Review: Beano exhibition at Somerset House

The new Somerset House multimedia exhibition, Beano: The Art Of Breaking The Rules, covers the quintessentially British comic from every angle, and doesn’t fail to deliver.

As someone who grew up with Dennis the Menace and The Bash Street Kids, I was expecting a serious nostalgia hit from an exhibition all about The Beano.

The Westminster exhibit begins by acknowledging its subject’s past. 

Who knew that before a certain black and red striped delinquent took centre stage, the publication starred an ostrich called Big Eggo?

The curators also address the colonial, 1930s stereotypes the comic once perpetuated.

An information board says: “They were wrong then and would certainly be wrong now.” 

Indeed there have always been traces of politics in The Beano’s cartoon capers. 

ICONIC: Bash Street Kids as part of Beano The Art of Breaking the Rules at Somerset House, London.
Credit: Stephen Chung for Somerset House

According to the exhibition, Minnie the Minx was an iconic figure in the riot grrrl movement of the 1990s. 

Her rebellious attitude and refusal to bow to gender roles chimed with its punk/feminist ethos. 

Social status is another theme that has run throughout the comics 83 year history, with strips like Lord Snooty playing on the differences between upper and working class life. 

The Beano itself found similarities between the aristocratic Conservative MP Jacob Rees Mogg and a character dubbed Walter the Softy so compelling that they outlined them in a tongue in cheek cease-and-desist letter, which is on display.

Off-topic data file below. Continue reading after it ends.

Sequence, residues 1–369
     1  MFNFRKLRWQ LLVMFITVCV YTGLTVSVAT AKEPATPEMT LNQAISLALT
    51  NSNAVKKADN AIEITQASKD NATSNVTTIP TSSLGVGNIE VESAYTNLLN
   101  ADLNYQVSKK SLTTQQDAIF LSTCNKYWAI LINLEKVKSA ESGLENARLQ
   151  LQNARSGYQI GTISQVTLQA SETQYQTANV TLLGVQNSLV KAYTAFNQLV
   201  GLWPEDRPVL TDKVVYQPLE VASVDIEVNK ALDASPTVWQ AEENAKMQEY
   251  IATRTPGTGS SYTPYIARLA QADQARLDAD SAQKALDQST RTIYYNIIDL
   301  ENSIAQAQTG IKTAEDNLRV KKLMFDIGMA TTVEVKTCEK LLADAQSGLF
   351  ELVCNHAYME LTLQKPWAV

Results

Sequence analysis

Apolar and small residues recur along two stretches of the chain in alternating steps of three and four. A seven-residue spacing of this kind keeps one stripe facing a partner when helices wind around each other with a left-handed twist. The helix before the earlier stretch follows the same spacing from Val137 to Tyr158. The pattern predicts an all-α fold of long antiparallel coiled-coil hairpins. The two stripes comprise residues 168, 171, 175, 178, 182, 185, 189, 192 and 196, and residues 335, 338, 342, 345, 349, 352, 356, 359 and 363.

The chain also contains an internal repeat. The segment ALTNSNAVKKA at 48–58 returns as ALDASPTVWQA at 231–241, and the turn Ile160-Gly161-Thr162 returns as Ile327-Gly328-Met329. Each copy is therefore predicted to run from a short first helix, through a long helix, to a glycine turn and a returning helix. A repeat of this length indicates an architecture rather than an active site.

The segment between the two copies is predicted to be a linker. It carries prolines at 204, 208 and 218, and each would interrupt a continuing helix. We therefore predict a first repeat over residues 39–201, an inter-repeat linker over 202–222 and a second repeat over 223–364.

In 2021 the rotund schoolboy ‘Fatty’ became ‘Freddy’, to avoid accusations of size shaming.

Much like The Beano’s weekly edition, the show is bright and busy, and you can’t turn a corner without running into a giant cut out of Bananaman or Billy Whizz.

NOW OPEN: Beano’s Records, containing the Rebellious Jukebox. Credit: Stephen Chung for Somerset House

A scale model of Beanotown and a pretend record shop mean it almost crosses into the realm of theme park. 

A broad net has been cast in deciding what to include as part of this stimulating and diverse experience.

This is evident in work by Banksy and Turner Prize winner Martin Creed, which shares a similar madcap sensibility but is not directly related to The Beano. 

Lindsey Mendick displays sculptures that put a gruesome twist on everyday food items and a video screen presents the antics of taxi driver Mark McGowan, which blur the line between performance art and comedy. 

Other artists, like Horace Panter, have been explicitly influenced by The Beano.

He has painted Dennis the Menace into a parody of David Hockney’s ‘A Bigger Splash’. 

These days I’m more inclined to read Private Eye than the Beano for a laugh, but the pairing of colourful exhibits and cultural commentary means that ‘The Art Of Breaking The Rules’ can be enjoyed by children and those who want to relive their formative years. 

Beano: The Art of Breaking the Rules is open until March 2022

Images Courtesy of Somerset House

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